Brian James Baer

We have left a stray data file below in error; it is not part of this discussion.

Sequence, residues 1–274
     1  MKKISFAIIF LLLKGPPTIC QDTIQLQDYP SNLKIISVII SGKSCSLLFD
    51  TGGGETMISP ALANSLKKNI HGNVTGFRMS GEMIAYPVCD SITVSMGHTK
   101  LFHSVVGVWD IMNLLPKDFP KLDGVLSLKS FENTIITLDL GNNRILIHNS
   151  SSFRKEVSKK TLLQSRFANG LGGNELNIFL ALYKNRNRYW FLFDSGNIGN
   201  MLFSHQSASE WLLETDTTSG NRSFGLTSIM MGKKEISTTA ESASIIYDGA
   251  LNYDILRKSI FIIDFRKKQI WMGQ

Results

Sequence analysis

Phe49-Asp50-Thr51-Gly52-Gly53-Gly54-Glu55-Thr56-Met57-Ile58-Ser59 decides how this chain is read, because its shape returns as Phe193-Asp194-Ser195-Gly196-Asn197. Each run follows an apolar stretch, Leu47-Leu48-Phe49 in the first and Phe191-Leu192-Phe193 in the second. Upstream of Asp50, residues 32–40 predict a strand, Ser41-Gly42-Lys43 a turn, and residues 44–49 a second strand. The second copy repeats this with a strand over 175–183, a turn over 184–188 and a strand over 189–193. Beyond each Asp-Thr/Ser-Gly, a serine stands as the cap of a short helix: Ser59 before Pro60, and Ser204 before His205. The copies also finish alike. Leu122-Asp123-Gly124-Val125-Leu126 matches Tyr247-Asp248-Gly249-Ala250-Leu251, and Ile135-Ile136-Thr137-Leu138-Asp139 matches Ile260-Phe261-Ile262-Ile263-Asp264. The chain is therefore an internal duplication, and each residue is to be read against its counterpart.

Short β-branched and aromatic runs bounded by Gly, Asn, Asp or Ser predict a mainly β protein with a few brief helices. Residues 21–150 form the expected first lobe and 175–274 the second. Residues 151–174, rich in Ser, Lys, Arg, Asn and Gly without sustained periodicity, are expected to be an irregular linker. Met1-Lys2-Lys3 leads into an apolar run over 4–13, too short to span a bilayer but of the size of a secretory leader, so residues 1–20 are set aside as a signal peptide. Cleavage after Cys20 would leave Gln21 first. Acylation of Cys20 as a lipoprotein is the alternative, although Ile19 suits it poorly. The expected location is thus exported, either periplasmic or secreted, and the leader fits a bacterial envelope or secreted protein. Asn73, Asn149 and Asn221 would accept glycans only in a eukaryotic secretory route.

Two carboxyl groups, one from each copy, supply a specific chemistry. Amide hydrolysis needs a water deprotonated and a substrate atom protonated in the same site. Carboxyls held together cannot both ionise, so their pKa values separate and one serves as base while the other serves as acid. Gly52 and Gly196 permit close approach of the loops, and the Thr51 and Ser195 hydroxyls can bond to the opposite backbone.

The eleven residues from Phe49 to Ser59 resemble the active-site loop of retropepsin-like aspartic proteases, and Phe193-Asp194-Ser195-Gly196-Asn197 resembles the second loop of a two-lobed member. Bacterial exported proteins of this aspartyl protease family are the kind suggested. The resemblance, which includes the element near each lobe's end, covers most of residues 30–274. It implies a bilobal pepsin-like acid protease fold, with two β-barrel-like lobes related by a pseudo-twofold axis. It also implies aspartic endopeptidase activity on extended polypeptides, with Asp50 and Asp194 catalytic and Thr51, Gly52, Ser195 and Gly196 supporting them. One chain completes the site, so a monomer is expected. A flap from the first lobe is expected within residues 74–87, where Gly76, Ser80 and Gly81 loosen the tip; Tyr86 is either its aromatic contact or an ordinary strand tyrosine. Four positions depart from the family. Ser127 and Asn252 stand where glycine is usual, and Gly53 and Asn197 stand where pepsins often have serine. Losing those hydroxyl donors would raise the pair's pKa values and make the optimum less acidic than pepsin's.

Alexander Pushkin went about, quite deliberately, to write an historical drama without the conventional romantic sub-plot. He remarked in 1829 in reference to his Boris Godunov: “A tragedy without love has appealed to my imagination.” In this, he was probably following the advice of Voltaire who railed against “love intrigues, often foreign to the subject, and so often debased by idle buffooneries.” And with his drama Orestes, the French playwright made the following claim: “I have at least given my countrymen some idea of a tragedy without love, without confidants, and without episodes” (italics mine). The romantic sub-plot, in Voltaire’s view, detracted from the gravitas of the main political/military plot-line. He therefore argued for a clear separation of romance and politics. But while Voltaire simply omits a romantic sub-plot, Pushkin “lays bare” his rejection of it within Boris Godunov, thereby critically engaging the tradition. Furthermore, his inclusion of “buffooneries” in his drama and his indebtedness to Shakespeare, whom Voltaire considered “a barbarian,” suggest that Pushkin may have had somewhat different motives in excising romance than did Voltaire.